AKRON—The tight truck tire supply and demand situation of the past year can be summed in a few statistics: Record replacement shipments of 13.7 million units, a 7.7-percent increase over 1997; record original equipment shipments of 5.97 million units, a 19.7-percent jump over 1997; and record export shipments of 2.23 million units, a 14.9-percent increase over 1997, according to Rubber Manufacturers Association data.
Countering these record demand levels was a 2.6-percent rise in U.S. production, to 14.3 million units, leaving a demand deficit of more than 7.5 million units. In addition, estimated retread production was up only about 2 percent over 1997, to 17.8 million units, as upheaval at several major retreaders offset record production by others, according to Retreadonomics 1999, the latest annual survey of the retreading industry.
Into this breach rode the imports (see chart above)—8.44 million of them, an all-time record—for a 63.8-percent jump over 1997, according to U.S. Department of Commerce data.
If one assumes the majority of imports are destined for the replacement market, then imported truck tires accounted for more than 50 percent of new truck tire replacement sales.
However, a glance at the table of top import sources reveals that the major domestic manufacturers—Goodyear, Bridgestone/Firestone and Michelin—account for up to half of the truck tires imported last year, putting the ``true import'' share—i.e., for companies without a North American production base—closer to one-third.
All of the major producers have stepped up efforts in the past few years to utilize their global resources to a greater extent. This development is reflected in the changing faces in the league of import sources.
Somewhat surprisingly, the United Kingdom jumped to third among nations exporting truck tires to the U.S., up from sixth in 1997 and ninth in 1996, on a quadrupling of shipments.
The increase is less surprising, however, when Michelin's moves in Northern Ireland are considered. Michelin decided in early 1998 to dedicate its plant in Ballymena to production for North America, and spent about $20 million throughout 1998 to expand radial truck tire output there 30 percent, to nearly 1 million units a year.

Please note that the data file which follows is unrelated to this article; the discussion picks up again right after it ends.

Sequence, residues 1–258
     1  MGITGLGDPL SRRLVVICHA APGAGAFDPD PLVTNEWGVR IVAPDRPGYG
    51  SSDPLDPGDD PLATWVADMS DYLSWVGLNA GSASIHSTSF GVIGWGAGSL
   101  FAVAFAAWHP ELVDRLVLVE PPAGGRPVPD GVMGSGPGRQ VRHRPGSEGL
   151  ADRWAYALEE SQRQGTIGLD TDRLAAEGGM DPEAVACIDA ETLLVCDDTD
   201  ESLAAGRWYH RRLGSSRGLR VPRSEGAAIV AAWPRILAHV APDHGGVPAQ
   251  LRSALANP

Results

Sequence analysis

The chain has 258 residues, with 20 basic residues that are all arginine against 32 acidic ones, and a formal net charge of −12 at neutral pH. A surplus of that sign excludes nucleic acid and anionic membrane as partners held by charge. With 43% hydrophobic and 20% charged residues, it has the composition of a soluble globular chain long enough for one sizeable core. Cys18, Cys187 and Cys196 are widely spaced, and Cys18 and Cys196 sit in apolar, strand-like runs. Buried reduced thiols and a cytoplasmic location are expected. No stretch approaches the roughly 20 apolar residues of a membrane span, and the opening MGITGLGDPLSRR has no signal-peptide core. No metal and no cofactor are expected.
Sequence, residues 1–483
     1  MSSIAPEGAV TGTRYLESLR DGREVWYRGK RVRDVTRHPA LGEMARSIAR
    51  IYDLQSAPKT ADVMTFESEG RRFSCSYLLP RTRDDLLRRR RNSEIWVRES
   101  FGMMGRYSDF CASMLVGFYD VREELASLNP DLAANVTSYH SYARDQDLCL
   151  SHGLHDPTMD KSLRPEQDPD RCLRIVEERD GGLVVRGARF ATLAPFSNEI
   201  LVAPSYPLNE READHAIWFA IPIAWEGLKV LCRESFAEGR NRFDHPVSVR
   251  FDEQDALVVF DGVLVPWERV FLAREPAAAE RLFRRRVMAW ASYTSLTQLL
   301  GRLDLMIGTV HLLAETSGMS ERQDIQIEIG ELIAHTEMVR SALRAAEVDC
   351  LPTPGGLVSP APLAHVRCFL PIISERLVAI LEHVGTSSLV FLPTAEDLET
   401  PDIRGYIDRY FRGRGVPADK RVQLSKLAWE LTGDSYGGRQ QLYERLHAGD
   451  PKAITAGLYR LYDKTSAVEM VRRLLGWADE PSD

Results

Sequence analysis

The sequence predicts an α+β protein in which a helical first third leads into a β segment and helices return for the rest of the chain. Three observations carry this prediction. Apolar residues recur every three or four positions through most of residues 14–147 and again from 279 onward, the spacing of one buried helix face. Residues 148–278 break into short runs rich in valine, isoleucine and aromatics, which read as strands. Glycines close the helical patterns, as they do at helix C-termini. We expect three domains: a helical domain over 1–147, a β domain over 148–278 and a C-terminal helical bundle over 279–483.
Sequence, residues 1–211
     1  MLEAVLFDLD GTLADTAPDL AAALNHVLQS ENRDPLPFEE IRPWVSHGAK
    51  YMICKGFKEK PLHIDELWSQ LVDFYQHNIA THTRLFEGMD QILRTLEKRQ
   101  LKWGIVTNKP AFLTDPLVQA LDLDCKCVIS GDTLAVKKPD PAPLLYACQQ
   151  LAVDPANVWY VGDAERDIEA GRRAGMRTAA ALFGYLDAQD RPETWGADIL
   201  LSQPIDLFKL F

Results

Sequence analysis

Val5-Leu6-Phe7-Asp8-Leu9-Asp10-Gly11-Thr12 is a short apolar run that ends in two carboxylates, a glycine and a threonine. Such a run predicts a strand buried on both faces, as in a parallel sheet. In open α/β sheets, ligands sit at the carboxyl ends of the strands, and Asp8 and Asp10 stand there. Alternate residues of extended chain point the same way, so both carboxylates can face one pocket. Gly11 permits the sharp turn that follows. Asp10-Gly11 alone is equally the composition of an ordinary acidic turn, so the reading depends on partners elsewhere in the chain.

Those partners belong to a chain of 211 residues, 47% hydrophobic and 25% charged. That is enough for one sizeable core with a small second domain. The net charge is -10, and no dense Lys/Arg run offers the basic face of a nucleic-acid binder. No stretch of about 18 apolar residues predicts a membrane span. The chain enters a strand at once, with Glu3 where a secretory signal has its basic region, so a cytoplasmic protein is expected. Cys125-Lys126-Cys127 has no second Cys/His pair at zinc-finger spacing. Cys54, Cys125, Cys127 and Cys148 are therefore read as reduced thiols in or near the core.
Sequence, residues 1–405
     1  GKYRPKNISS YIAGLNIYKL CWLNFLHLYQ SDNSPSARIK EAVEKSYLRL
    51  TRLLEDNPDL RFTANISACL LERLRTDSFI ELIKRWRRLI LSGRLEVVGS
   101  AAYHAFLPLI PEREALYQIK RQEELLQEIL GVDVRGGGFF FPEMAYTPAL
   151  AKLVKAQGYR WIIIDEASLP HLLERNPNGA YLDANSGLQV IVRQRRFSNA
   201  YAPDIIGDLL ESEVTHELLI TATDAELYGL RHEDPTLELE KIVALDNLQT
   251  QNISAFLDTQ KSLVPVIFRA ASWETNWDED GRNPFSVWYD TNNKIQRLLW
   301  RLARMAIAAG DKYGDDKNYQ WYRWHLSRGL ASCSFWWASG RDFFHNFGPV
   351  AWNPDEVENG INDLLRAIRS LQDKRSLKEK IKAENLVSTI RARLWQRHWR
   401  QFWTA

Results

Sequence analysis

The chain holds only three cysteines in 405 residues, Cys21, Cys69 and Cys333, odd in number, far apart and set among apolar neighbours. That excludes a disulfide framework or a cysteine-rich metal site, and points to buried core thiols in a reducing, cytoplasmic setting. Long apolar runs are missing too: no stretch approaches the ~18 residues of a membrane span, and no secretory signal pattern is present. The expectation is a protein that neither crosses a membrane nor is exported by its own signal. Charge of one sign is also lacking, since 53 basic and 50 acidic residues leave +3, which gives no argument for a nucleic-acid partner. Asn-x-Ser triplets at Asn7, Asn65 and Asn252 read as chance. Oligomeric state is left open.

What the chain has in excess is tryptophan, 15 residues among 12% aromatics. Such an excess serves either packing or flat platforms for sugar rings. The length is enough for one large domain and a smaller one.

Other significant leaps in import numbers—from Germany (up 321 percent) or Brazil (up 298 percent), for example—can be attributed to ``captive imports'' from one or more of the majors, or Continental General Tire.
Imports from Japan leapt 61.1 percent, to 2.68 million units, and Bridgestone alone accounted for a sizable portion of the increase. Company officials told dealers earlier this year Bridgestone/Firestone imported 800,000 more truck tires last year vs. 1997.
Earlier, Bridgestone said the bulk of a 2,700-unit-per-day capacity increase at its Amagi, Japan, plant was destined for export to North America.
In addition, Bridgestone/Firestone has nearly completed an $80-million expansion of its Warren County, Tenn., plant, where the company is increasing truck tire capacity 20 percent, to about 6,600 units per day, or nearly 400,000 new units of annnual capacity.
As for imports from countries where the domestic makers have no presence, South Korea headed the list. The country, home of Hankook Tire Co. Ltd. and Kumho & Co. Ltd., more than doubled exports to the U.S. to more than 871,000 units.
Other countries in this category are China (imports up 64.4 percent) and India (up 20.7 percent), although producers in each of these nations still emphasize bias-ply over radial for export. Chinese imports were only 21-percent radial, while those from India were only 15 percent radial.
The import situation could change this year, however, as new capacity at several plants in the U.S. and Canada comes on stream.
Among the projects due for completion this year are:
Up to 450,000 additional units at Conti-General's Mount Vernon, Ill., plant—a 25-percent increase and part of a $25 million-plus plant upgrade;
As much as 400,000 new units of output at Michelin's Waterville, Nova Scotia, plant—a 50-plus percent jump over the previous capacity and part of a $47-million modernization project;
Goodyear has two expansion projects in the works affecting medium truck tires—adding about 800 units per day of light and medium truck tire output at its Topeka, Kan., plant, and a $113 million, five-year modernization of its Danville, Va., plant to increase capacity there by as much as 800,000 units annually.